LINGUIST List 24.2061|
Wed May 15 2013
Calls: Syntax, Socioling, Morphology, Ling Theories, Language Acquisition/USA
Editor for this issue: Alison Zaharee
From: Jeffrey Parrott <jkparrottgmail.com>
Subject: Variation and Syntax: Where Are We Now, and Where Do We Go Next?
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Full Title: Variation and Syntax: Where Are We Now, and Where Do We Go Next?
Date: 06-Jul-2013 - 07-Jul-2013
Location: Ann Arbor, MI, USA
Contact Person: Jeffrey Parrott
Meeting Email: < click here to access email >
Linguistic Field(s): Language Acquisition; Linguistic Theories; Morphology; Sociolinguistics; Syntax
Call Deadline: 30-May-2013
Variation and Syntax: Where Are We Now, and Where Do We Go Next?
Co-organized by Alan Munn, Michigan State University & Jeffrey Keith Parrott, University of Copenhagen
Supported by National Science Foundation BCS-1265444
July 6-7, 2013
2013 LSA Linguistic Institute
University of Michigan, Ann Arbor
This workshop responds to the growing interest in reconciling the study of sociolinguistic variation with syntactic theory. These vital subfields of scientific inquiry into human language have been estranged virtually since their inception, with longstanding disputes centered on fundamental methodological and theoretical issues. Rigorous investigation of the entire body of phenomena that comprise syntactic variation requires a complementary fusion of sociolinguistic fieldwork methods, variationist statistical analysis, and adapted syntactic elicitation and experimentation techniques. However, recent work has demonstrated that variationist empirical methods are indeed well suited for investigating variable phenomena of relevance to syntactic theorizing, and furthermore that independently motivated models of syntax and morphology have become sufficiently articulated that plausible formal mechanisms of intra- and inter-individual variation can be proposed.
The workshop thus has dual objectives. The first is to develop explicit strategies for evaluating competing theories of variation and syntax, which requires synthesizing current knowledge, enumerating areas of consensus, and resolving recalcitrant disputes. For example, one influential approach holds that syntactic variation should be analyzed as ‘multiple grammars’; another that variation reduces to syntactic configurations; while still other accounts have located variable mechanisms in features of lexical primitives or the interfaces of grammatical architecture. Theoretical insights should preferably generate empirically testable predictions about the relationship between intra- and inter-individual variability.
The second objective is to stimulate collaborative research beyond the conventional domains of either variationist sociolinguistics or theoretical syntax. For instance, recent work has begun to explore the application of both refined syntactic theoretical concepts and modified variationist empirical methods to the study of second- or first-language acquisition, multi-lingualism or -dialectalism, language/dialect attrition or death, heritage languages or dialects, language processing, social cognition, language evolution, and other emerging topics involving syntactic variation. This raises challenges to the program of building a cross-disciplinary approach, while increasing the prospects for a broader view of the fundamental issues and hence unification of an even greater scope.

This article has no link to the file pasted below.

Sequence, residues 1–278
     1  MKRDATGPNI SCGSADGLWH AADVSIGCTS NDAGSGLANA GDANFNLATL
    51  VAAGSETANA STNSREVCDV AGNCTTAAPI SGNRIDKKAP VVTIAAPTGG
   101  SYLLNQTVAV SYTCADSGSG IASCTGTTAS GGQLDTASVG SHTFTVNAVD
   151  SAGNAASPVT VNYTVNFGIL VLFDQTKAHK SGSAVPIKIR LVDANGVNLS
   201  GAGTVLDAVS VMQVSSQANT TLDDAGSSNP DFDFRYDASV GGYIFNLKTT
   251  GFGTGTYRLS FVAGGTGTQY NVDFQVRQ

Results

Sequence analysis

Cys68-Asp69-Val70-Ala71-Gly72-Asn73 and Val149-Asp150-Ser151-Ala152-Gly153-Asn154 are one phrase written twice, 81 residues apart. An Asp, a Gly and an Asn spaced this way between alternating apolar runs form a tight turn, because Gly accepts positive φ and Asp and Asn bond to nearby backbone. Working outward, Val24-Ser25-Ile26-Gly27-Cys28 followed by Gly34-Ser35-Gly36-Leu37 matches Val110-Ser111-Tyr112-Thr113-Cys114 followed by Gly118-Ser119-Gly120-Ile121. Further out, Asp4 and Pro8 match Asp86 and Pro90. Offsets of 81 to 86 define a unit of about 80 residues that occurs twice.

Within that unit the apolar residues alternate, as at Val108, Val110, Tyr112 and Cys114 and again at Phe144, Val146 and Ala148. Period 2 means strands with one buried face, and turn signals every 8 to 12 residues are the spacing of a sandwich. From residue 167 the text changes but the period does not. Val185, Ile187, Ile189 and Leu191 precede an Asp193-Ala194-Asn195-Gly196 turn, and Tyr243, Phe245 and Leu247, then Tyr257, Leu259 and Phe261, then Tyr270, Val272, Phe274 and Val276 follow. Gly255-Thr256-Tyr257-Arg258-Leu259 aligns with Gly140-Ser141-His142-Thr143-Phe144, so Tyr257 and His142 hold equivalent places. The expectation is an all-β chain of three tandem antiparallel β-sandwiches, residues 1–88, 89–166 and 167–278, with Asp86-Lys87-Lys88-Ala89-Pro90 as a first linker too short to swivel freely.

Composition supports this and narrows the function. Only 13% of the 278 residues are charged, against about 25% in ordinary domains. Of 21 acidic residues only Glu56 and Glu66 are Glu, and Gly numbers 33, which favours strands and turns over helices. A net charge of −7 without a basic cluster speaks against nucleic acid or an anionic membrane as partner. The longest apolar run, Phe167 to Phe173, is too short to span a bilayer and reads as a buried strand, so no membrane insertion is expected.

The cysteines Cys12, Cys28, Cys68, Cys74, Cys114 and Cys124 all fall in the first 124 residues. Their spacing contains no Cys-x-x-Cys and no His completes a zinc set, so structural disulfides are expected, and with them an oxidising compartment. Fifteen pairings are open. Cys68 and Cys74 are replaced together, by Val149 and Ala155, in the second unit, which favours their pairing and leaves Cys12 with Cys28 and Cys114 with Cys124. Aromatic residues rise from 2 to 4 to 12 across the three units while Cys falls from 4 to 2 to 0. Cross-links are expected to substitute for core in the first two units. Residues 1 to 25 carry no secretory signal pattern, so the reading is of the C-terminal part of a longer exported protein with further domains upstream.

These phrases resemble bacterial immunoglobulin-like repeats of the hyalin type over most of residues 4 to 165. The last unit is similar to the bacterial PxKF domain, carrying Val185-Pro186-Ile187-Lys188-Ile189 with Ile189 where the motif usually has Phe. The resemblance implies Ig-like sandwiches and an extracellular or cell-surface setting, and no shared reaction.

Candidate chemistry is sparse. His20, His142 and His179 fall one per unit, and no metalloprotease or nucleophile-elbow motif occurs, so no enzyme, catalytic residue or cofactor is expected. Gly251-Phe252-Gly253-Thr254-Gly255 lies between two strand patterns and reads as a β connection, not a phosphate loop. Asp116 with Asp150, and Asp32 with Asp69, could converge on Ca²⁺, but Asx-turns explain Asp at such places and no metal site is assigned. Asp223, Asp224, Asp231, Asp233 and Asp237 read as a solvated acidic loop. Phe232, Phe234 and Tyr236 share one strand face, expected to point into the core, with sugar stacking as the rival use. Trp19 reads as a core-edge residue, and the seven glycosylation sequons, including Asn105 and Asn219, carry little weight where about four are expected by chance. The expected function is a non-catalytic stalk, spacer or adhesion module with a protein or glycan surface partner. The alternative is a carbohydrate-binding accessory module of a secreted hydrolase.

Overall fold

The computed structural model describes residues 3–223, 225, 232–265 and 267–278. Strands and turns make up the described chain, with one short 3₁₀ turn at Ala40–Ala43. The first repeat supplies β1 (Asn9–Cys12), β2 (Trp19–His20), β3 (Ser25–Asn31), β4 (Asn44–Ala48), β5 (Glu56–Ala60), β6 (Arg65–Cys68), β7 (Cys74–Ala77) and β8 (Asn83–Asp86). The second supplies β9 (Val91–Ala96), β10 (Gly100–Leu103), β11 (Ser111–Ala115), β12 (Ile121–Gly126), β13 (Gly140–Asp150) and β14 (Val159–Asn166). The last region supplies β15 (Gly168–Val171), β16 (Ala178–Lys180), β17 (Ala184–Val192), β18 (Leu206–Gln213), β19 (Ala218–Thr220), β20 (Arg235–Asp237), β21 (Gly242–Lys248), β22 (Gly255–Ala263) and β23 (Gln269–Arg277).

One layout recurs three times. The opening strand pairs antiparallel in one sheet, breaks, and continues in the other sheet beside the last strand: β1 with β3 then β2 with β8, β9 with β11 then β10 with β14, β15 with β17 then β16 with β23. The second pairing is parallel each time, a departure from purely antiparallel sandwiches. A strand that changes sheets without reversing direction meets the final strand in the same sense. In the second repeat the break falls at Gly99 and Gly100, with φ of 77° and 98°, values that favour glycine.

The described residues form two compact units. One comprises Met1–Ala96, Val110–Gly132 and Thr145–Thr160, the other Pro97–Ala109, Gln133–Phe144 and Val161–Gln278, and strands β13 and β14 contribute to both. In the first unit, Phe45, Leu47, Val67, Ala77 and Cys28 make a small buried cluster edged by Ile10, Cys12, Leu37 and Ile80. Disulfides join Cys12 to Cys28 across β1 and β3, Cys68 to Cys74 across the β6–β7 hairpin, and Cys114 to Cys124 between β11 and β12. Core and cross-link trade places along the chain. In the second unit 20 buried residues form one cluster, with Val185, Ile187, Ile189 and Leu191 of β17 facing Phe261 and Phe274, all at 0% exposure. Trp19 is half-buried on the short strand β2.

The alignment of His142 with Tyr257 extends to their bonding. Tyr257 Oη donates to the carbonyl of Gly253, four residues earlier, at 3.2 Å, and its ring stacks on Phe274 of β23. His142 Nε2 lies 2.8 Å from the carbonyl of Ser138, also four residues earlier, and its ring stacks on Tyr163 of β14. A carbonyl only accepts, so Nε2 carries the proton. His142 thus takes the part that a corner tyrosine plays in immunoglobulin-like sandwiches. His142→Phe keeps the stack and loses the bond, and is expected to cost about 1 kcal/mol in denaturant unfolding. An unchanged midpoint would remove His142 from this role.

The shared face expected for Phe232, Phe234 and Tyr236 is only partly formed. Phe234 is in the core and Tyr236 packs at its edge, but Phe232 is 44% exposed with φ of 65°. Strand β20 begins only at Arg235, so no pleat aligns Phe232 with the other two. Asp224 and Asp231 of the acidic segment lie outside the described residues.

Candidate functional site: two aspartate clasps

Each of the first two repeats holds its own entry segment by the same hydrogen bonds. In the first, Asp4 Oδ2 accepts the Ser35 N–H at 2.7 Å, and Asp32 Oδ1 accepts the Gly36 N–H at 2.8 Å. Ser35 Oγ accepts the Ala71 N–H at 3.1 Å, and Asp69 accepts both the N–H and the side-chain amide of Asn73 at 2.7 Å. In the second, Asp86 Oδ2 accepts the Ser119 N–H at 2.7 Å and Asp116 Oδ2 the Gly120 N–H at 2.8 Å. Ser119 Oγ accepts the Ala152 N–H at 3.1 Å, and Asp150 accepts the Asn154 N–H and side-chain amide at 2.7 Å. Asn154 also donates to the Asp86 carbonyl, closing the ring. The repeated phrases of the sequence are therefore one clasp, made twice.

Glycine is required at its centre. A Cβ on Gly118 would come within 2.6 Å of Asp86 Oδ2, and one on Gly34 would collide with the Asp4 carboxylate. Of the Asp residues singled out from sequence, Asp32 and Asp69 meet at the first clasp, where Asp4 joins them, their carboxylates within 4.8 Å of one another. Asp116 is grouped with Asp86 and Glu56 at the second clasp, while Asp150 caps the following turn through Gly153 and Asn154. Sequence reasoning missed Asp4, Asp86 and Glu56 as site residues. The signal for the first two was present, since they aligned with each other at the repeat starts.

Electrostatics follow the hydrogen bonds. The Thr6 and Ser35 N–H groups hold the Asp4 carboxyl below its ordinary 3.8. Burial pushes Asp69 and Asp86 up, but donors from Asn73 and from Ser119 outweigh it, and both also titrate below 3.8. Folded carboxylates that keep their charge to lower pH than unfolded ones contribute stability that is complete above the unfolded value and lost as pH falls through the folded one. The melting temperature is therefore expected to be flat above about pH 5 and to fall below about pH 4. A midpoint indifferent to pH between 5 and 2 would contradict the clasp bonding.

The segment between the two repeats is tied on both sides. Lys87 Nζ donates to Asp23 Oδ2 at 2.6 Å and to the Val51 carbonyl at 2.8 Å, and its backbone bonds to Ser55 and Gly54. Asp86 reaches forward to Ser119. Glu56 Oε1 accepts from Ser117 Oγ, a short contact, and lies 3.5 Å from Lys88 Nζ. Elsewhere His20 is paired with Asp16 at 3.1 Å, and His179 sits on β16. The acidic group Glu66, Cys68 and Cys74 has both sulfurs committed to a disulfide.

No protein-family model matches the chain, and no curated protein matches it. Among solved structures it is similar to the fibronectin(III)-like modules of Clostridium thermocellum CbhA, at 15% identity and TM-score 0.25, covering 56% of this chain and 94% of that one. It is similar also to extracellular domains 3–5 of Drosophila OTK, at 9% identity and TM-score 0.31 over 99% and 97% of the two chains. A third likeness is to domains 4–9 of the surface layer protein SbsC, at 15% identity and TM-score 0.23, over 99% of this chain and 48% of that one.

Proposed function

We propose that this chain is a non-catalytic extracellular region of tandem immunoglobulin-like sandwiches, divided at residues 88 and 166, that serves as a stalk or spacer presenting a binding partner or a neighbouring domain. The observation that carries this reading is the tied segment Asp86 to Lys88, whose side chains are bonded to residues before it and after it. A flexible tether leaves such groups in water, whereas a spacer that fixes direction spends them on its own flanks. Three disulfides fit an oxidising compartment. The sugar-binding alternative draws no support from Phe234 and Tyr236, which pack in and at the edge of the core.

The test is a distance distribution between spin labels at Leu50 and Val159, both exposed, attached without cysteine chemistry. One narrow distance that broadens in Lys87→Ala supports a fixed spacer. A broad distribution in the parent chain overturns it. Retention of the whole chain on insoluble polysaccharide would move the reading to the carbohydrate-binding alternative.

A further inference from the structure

To such ends, this workshop brings some of the most prominent scholars on syntactic variation from Europe and North America together with students and young researchers at the 2013 Linguistic Society of America Linguistic Institute at the University of Michigan, Ann Arbor, an ideal venue for intense cross-disciplinary interaction. The six prominent linguists listed below have agreed to give plenary talks and panel commentary at the workshop, which will also feature ten 30-minute talks, as well as plenty of time allotted for general discussion.
David Adger, Queen Mary, University of London
Leonie Cornips, Meertens Institute, Amsterdam
Bill Haddican, Queens College, City University of New York
Cristina Schmitt, Michigan State University
Jennifer Smith, University of Glasgow
Sali Tagliamonte, University of Toronto
Call for Papers:
We hereby cordially invite abstracts for 30-minute presentations dealing with the workshop topics from any theoretical or methodological perspective. Abstracts should be submitted as a PDF document no longer than 2 pages including all figures and references. Submissions will be (one-way) anonymously reviewed by the co-organizers and invited speakers, and therefore should not include identifying information. Abstracts will be selected so as to achieve the aims of the workshop in evaluating competing theories of syntax and variation while opening up new questions in acquisition, dialect emergence, language obsolescence, processing of variability, inter alia.
Please email PDF abstracts to syntaxvariationworkshopgmail.com by May 30, 2013. Accepted authors will be notified by June 7, 2013.
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